288 Tuscarora Nation Road
Maxton, NC 28364-7012
The Tuscarora ("hemp gatherers") are a Native American people of the Iroquoian-language. Before the arrival of Europeans in North America, the Tuscarora had migrated south and settled in the region now known as Eastern Carolina. This most numerous and powerful indigenous nation in North Carolina lived along the Roanoke, Neuse, Tar (Torhunta or Narhontes), Pamlico, and Cape Fear rivers in North Carolina.
Early Europeans noted the Tuscarora in North Carolina had three tribes: Kǎ'tě’nu'ā'kā' (People of the Submerged Pine-tree, also written Kautanohakau); Akawěñtc'ākā' (doubtful, also Kauwetseka); and Skarū'ren' (hemp gatherers, also known as Tuscarora).
In late 17th and early 18th-century North Carolina, European colonists reported two primary branches of the Tuscarora: a northern group led by Chief Tom Blunt (King Blount), and a southern group led by Chief Hancock. Varying accounts circa 1708-1710, estimated the number of Tuscarora warriors as from 1200 to 2000. Historians estimate their total population may have been three to four times that number.
The Tuscarora traditionally were said to occupy the "country lying between the sea shores and the mountains, which divide the Atlantic states," in which they had twenty four large towns, which contain the villages for over 6,000 warriors.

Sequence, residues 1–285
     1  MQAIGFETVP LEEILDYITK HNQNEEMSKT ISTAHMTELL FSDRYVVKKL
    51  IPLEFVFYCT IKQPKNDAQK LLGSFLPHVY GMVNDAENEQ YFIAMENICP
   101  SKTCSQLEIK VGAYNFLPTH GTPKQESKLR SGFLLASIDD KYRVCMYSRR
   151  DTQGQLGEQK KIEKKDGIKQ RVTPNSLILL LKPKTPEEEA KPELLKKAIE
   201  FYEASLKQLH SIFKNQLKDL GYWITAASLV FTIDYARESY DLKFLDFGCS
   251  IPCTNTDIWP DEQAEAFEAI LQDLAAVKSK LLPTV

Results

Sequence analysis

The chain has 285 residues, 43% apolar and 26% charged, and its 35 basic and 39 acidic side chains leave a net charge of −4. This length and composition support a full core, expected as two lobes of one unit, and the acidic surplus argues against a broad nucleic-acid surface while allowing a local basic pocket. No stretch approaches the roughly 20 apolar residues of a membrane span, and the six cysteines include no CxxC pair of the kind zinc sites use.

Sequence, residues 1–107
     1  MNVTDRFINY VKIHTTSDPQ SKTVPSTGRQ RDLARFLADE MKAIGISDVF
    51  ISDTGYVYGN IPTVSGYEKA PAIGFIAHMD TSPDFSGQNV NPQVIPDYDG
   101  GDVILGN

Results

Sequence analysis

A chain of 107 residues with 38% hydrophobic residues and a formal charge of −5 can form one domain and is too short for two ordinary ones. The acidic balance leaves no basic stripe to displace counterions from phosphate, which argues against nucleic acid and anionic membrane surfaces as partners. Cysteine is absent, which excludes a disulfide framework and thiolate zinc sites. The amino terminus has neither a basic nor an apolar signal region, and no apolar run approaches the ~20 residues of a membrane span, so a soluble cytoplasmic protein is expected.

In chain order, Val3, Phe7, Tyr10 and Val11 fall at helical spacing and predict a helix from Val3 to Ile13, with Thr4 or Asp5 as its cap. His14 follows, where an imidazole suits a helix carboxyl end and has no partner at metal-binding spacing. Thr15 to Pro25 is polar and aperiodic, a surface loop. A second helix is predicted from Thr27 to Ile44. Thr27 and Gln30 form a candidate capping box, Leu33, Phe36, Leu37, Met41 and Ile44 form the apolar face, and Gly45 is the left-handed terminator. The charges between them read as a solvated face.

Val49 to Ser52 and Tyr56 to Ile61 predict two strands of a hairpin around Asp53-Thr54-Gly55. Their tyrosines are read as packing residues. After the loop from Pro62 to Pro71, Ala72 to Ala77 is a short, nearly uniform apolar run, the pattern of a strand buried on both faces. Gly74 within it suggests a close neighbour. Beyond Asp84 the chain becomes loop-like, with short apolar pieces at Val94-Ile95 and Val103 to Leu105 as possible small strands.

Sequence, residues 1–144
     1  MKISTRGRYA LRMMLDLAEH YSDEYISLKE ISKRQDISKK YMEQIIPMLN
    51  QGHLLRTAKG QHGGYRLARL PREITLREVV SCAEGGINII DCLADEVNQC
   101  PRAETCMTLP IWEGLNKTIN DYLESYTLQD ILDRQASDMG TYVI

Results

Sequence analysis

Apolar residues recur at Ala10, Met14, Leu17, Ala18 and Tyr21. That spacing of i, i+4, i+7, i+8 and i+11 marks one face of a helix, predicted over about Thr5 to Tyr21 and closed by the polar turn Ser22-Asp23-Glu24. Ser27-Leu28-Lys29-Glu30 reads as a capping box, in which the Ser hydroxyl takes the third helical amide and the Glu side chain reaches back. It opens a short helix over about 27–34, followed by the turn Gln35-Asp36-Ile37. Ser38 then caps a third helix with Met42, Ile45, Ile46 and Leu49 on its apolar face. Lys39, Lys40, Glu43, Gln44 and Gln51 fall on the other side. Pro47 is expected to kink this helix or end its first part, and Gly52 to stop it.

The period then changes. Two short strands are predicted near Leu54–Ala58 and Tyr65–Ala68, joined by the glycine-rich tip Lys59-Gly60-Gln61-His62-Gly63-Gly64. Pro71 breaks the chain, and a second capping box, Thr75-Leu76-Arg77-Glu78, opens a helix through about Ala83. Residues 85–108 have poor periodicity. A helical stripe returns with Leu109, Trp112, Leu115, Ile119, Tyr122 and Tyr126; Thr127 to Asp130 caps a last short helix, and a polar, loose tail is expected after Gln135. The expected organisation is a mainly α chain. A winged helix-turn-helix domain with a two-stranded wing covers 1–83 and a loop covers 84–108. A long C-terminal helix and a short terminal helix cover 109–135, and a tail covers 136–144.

Because of Tuscarora numbers and their reputation as fierce warriors, Tuscarora leaders were "courted" for their help even during the attempted French invasion. The letter below from George Washington shows they were sought after for military prowess.
George Washington Papers, 1741-1799
The letter states,
To King Blount, Capt Jack and the rest of the Tuscarora Chiefs.
Brothers and Friends. This will be delivered you by our brother Tom, a warrior of the Nottoways who with others of that nation have distinguished themselves in our service this summer against our great and perfidious enemies.
The intent of this is to assure you of our real friendship and love and to confirm and strengthen that chain of friendship which has subsisted between us for so many years past….a chain like ours founded on sincere love and friendship must be strong and lasting and will I hope endure while the sun and stars give light.